Let’s examine for a moment when an animal is not a pet. Many renters want and/or require the assistance and/or support of an animal in order to function and/or to enjoy a better quality of life.
Here is a short list for your consideration when a pet is something else-
• Fair Housing laws indicate that rental owners, operators and managers must provide “reasonable accommodations” for disabled persons.
• Allowing an assistive animal is a common accommodation.
• There are numerous labels for animals that assist, serve, and perform specific tasks, offer companionship, support and comfort. Some of these animals are trained; others may not be. What these animals are not – PETS.
• Therefore animals can be allowed when the rental property is not pet-friendly. They are the “eyes, ears, legs or emotional support” of the disabled person(s). This can include residents and/or their guests.
• You must consider and determine whether accepting this animal is unreasonable for you. If you believe that the person’s request whether verbal or written is unreasonable, be prepared to defend your position. Don’t stall with your response hoping that the problem will go away. No response in a timely fashion can be construed to be an unreasonable denial. It would be wise to consult a fair housing attorney before you answer.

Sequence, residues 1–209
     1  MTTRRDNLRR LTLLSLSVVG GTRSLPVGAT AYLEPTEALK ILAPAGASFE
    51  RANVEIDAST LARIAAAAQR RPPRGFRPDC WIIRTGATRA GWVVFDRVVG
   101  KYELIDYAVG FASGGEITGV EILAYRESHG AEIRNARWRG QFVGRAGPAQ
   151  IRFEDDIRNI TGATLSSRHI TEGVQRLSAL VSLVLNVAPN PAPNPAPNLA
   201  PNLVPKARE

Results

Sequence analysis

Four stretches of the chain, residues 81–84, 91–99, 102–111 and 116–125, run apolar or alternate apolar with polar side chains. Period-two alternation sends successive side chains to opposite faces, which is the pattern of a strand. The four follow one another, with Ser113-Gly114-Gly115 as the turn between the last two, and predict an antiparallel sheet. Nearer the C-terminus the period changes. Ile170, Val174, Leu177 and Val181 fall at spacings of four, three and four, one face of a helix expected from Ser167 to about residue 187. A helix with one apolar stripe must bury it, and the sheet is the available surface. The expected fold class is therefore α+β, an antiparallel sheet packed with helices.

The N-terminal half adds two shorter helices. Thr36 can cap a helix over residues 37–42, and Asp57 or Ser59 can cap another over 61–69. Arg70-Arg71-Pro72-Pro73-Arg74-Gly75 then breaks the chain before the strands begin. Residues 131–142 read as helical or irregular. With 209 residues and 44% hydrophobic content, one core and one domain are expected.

• Do not try to apply pet deposits, pet policies, extra rent or security deposit.
• You can request verification regarding the need for the animal if the disability and/or need is not obvious but be flexible about who the verifier is; it might be the resident himself/herself, a relative or friend that is aware of the circumstances and is willing to attest to these in writing.
• Establish and maintain reasonable policies of conduct. Since the animal(s) is/are an extension of the resident(s) well-being these policies will help to hold the resident accountable for problems and damages that can arise as a result of this accommodation.
• The disabled renter is not exempt from being a good tenant.
• Remember that breed restrictions, bans on exotic animals and farm animals were all developed as pet policies. New studies substantiate the assistive value of monkeys, parrots, miniature horses, pigs, goats, etc. Therefore, categorical denial can be challenged.